Monday, June 25, 2018 | Updated at 9:36 AM ET


Cancer Specialist Dr. Jorge Gomez Explains Risks Factors Behind Lung Cancer

First Posted: Nov 13, 2015 05:00 AM EST

The goal of doubling lung cancer survival by 2022 begins with spreading awareness about lung health during Lung Cancer Awareness Month. November is an annual opportunity to increase survival rates, promote prevention and inform the public about the realities of lung cancer.

Lung Cancer Awareness Month dates back to 1995, and it was founded due to the growing lung cancer community. The need for adequate research, advocacy, information and research grew in importance once the sweeping harm cause by the disease was understood. Lung cancer causes more cancer deaths than any other form of cancer, and it's the second most common cancer for women and men in the U.S., according to the Centers for Disease Control and Prevention. Educating the public on information regarding prevention, detection, management and treatment can save countless lives and improve quality of life for others.

"One of the more important misconceptions about lung cancer is that lung cancer is just a cancer of smokers," Dr. Jorge Gomez, lung cancer specialist from Mount Sinai in New York, told Latin Post.

"About 10 percent of patients with lung cancer are patients who've never smoked. Also, there are a significant number of patients who've smoked in the past or are former smokers, and they've quit. After quitting, patients believe the risk of lung cancer becomes normal again. Unfortunately, that's not true. When you quit smoking your risk of lung cancer decreases, which is very good. ... So it's important to quit smoking, but it never goes back down to normal. So, you're less likely to get lung cancer if you don't smoke or smoked 20 years ago and stopped than if you continue smoking, but your risk is never back down to normal."

Dr. Gomez explained lung cancer is the cancer most affected by tobacco, and yet tobacco influences many other cancers. Tobacco also contributes to cancers of the head, neck and throat and boosts cancer of the gastrointestinal track and contributes significantly to cancers of the genital or urinary track, especially the bladder. Smoking also has a significant influence over bladder cancer.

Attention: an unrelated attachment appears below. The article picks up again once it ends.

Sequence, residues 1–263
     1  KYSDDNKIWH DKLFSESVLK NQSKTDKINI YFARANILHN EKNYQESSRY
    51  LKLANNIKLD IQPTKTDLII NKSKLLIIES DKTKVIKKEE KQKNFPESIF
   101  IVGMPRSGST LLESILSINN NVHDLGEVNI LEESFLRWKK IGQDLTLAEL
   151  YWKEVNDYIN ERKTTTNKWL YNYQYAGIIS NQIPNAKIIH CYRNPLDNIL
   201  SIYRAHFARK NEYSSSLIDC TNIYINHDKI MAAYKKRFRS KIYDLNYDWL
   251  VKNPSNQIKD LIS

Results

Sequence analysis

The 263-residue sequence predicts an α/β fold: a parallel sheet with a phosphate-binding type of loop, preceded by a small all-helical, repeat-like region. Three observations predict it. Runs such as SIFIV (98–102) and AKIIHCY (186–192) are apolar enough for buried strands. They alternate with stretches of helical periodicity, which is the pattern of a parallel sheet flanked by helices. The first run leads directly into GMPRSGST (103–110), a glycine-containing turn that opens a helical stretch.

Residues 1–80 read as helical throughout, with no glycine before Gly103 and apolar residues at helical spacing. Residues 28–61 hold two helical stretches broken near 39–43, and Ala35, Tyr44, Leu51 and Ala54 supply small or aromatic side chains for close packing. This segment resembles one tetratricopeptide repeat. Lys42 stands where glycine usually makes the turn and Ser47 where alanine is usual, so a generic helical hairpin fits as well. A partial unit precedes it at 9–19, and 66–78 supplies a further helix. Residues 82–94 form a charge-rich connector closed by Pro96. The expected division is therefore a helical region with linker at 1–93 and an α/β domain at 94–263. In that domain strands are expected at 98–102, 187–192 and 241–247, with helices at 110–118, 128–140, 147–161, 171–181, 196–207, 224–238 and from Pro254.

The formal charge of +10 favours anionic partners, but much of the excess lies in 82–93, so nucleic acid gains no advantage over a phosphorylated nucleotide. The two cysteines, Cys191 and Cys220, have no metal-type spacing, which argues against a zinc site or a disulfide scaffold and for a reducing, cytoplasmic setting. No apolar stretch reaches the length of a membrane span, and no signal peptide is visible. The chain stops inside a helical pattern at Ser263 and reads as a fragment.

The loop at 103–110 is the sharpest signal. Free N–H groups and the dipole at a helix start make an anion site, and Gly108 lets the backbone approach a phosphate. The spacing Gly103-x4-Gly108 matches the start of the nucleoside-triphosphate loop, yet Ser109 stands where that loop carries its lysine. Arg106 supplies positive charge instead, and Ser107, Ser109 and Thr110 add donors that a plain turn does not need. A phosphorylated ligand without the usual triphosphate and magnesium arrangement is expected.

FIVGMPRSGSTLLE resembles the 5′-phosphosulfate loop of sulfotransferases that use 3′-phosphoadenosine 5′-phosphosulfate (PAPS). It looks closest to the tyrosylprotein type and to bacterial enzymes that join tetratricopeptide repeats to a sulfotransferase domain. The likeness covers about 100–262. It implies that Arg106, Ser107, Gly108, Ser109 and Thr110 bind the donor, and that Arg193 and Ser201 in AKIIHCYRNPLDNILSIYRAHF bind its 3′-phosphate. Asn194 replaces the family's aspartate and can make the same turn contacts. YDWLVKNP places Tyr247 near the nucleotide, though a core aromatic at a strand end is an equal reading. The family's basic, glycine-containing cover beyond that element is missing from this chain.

While cigarette smoke is the leading cause of death for lung cancer, it isn't the only cause. The colorless, tasteless naturally occurring gas radon is the second leading cause of lung cancer. Family history and air pollution are also contributing factors. Approximately two-thirds of lung cancer cases are found in women who formerly smoked or never smoked. Additionally, lung cancer diagnoses nearly doubled over the past four decades across for women across all ethnicities and races, and yet only 36 percent of Latinas are aware of this. Also, only 21 percent of Latinas have talked with a doctor about lung cancer.

 "I can tell you from the perspective of an oncologist who sees lung cancer patients every day that living with lung cancer is not easy," Dr. Gomez said. 

"There are a lot symptoms that can cause pain and difficulty breathing, that can cause many different issues, some of which we can alleviate with treatments, and some of them in which can't. We try to make people feel better, but there are people who cannot feel better because their disease is too difficult to control."

According to the Lung Force website, lung cancer kills nearly twice as many women as any other cancer, and it's the No. 1 cancer killer of women in the U.S. Every five minutes a woman is diagnosed with lung cancer, and the five-year survival rate is only 18 percent, which is the lowest of all cancer types. It kills more people than pancreatic cancer, colon cancer and breast cancer combined. However, only 25 percent of Hispanic women are aware of that fact. More than 71,000 women in the U.S. will die in 2015 alone due to lung cancer. Just 17 percent of lung cancer cases among women are diagnosed at an early stage, contributing to cancer death.

"In terms of prevention, the important form of prevention for people who are smoking is to stop smoking, and for people who don't smoke is to not smoke," Dr. Gomez said.

"In terms of early prevention, which is very important, patients with high risks of cancer should undergo screening, a PET scan. It's been shown to decrease the mortality of lung cancer. For those non-smokers or those who've never smoked, it's important to visit your doctor and talk about your risk of lung cancer, and follow up on symptoms of lung cancer, which are mainly respiratory. Also, unexplained weight loss."

Health care professions impress the importance of discussing lung cancer, particularly among Hispanic patients who tend to be less informed about lung health. Dr. Gomez stated there are little differences in incidence and death rates when race and ethnicities are concerned. Nonetheless, where there is a higher prevalence of smoking, there's a higher incidence of tobacco-related lung cancer.

"It's not so much where you come from or anything else, but whether you smoke or not. Non-smokers or 'never smokers' are doing significantly better than smokers."

Dr. Gomez also talked about how lung cancer treatment has progressed in recent years. Today, certain populations of lung cancer patients can be treated with just a pill, which is much better than chemotherapy, and there's immunotherapy, which uses the body's immune system to fight cancer.

Those interested in learning more about lung cancer are encouraged to visit to learn about risk reduction. Also, individuals over 55, current or former smokers should feel free to take an online evaluation to learn about screening for lung cancer.

Awareness and education about the disease are crucial. Nov. 17 is Lung Force Giving Day. A national hospital network will match every gift up to $100,000.

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